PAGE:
In the action-spy thriller Salt, which opens Friday, Angelina Jolie stars as a disgraced CIA agent who must at one point rescue her kidnapped German husband from Russian spies. Meanwhile, in the pilot episode of the TV series Covert Affairs, a rookie CIA agent is told that she should not date foreign nationals. So which is it—can CIA agents have romantic relationships with people from other countries or not?
For the most part, they can. Employees and applicants to the CIA must be U.S. citizens, but their spouses need not be, at least at the time of their hiring. The agency's career Web site does stipulate that if you'd like to become a spyfor the National Clandestine Service—that's the CIA's covert-operations branch—then both you and your spouse must be U.S. citizens. However, marriages to foreign nationals are allowed so long as the spouse agrees to become a naturalized U.S. citizen within five years and clears all necessary security checks.
Given the international nature of the CIA's clandestine work and the age range of its operatives (applicants must be under the age of 35), it's not uncommon for agents to become romantically involved with foreigners. The agency discourages this behavior, however, by turning any resulting marriages into bureaucratic nightmares. A spook is also prohibited from telling her partner what she does for a living until he's had a thorough background check and a polygraph test. (If the partner were American, there would be no such restriction.) The vetting process and accompanying paperwork can be so stressful, and, in some cases confusing, for a fiance that agents are said to have left the service in order to avoid it. Others might opt for the easier path, marrying an American, or the easiest, marrying another CIA employee. An in-house marriage is considered a smart career move.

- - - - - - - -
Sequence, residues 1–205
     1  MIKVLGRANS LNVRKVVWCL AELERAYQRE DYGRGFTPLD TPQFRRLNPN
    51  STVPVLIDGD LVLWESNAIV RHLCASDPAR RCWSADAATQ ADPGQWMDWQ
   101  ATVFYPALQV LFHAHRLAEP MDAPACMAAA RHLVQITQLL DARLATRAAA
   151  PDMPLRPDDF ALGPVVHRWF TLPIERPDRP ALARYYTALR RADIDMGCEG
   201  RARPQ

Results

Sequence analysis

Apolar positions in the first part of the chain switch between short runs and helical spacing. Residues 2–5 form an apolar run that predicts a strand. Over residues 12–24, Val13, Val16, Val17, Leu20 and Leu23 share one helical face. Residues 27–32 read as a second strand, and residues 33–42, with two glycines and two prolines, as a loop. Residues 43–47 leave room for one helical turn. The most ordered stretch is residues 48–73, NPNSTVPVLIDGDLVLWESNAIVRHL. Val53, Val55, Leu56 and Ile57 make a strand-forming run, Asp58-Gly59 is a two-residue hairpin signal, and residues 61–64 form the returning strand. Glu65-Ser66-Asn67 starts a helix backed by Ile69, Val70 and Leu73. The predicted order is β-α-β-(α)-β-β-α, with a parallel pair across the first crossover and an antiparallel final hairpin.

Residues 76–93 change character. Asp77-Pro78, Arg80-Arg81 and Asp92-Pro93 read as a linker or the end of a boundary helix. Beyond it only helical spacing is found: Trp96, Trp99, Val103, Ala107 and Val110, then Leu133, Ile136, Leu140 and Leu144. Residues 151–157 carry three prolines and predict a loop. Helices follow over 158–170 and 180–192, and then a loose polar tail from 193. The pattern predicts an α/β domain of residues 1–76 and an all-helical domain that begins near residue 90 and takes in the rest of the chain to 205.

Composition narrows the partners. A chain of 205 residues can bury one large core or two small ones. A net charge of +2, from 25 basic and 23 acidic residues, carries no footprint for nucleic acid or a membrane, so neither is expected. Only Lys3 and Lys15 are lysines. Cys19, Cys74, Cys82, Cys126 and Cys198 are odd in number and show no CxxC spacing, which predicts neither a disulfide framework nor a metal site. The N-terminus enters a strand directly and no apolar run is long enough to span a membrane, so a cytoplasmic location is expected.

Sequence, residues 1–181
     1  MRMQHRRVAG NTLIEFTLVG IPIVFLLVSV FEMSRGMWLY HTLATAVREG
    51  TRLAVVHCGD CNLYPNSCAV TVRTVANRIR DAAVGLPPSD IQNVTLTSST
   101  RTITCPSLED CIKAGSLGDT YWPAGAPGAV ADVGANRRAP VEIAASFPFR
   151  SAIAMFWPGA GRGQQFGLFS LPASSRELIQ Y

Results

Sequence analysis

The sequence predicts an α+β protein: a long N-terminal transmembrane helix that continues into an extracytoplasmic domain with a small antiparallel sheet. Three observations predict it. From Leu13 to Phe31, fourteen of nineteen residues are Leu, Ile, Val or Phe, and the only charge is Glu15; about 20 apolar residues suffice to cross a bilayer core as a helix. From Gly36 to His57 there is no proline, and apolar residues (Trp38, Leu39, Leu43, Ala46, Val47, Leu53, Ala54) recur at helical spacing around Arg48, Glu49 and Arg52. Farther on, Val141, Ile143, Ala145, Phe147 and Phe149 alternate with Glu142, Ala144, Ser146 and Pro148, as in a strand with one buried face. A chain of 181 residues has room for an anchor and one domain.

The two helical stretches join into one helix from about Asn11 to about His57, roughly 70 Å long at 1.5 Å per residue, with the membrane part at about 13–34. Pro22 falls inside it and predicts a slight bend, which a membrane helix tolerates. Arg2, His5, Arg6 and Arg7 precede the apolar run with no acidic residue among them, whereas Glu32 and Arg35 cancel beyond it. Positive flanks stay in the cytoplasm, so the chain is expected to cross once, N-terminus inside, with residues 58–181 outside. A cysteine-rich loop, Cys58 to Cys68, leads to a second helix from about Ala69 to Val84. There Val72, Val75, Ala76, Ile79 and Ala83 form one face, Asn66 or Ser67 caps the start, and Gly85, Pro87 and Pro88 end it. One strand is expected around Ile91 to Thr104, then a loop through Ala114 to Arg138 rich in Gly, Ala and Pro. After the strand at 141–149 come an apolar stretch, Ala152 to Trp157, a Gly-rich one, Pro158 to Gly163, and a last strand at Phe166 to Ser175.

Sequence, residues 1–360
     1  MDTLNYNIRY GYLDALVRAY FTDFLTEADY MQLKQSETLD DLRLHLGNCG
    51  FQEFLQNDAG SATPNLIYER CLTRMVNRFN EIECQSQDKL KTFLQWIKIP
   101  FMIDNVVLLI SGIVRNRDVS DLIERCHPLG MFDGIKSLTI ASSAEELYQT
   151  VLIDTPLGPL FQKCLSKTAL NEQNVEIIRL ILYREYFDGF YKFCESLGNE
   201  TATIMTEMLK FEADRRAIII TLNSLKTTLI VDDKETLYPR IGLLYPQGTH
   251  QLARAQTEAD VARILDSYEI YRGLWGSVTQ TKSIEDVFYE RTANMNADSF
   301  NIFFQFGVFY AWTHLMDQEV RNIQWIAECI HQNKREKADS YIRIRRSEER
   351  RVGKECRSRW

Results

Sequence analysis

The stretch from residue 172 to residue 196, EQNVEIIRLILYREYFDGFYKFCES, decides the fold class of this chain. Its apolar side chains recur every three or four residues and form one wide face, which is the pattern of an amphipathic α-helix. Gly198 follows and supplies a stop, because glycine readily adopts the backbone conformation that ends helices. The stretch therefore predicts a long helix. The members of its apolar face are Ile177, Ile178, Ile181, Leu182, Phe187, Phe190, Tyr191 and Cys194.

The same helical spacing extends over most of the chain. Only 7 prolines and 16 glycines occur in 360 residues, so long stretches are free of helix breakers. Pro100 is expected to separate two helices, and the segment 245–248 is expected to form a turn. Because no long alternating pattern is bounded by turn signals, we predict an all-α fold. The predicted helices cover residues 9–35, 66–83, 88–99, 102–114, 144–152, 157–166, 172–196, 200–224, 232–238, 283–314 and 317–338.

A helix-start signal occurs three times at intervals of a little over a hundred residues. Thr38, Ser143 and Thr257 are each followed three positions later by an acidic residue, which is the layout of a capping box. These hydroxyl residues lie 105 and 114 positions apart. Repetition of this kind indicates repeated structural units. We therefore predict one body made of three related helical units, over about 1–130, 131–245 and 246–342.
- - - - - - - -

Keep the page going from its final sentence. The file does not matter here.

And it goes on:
There are some good reasons to discourage international marriages. CIA counterintelligence is constantly dealing with the risk of foreign influence and the danger of moles. A 2007 report (PDF) from the Department of Defense found that among U.S. citizens caught spying against their own country from 1990 to 2007, 58 percent had relatives or close friends overseas. That's compared with just 34 percent in the 1980s. The report goes on to say that fewer spies are acting against the United States in exchange for money and more as a result of their divided loyalties. To counter the threat of foreign influence on its own agents, the CIA has a long-standing policy of requiring its operatives to report what the agency refers to as "close and continuing contact" with foreign nationals. Milton Bearden, who headed the CIA's covert assistance of anti-Soviet Afghan rebels in the 1980s, reportedly offered this rule of thumb: "If you keep a pair of slippers under your friend's bed, it's close and continuing." However, "close and continuing contact" doesn't have to be sexual in nature. It seems to cover all nonprofessional relationships that an agent might have, romantic or not, including those with family and friends.
Not all agents choose to report their contacts, but they are administered periodic polygraph tests in which they are grilled on the subject. Failure to disclose contacts may land an agent in hot water. If she does disclose a contact, she may be told that the relationship has been "denied" and that she must terminate it. No explanation is required. Fortunately for agents raised on Bond flicks, the CIA does not require employees to report one-night stands.
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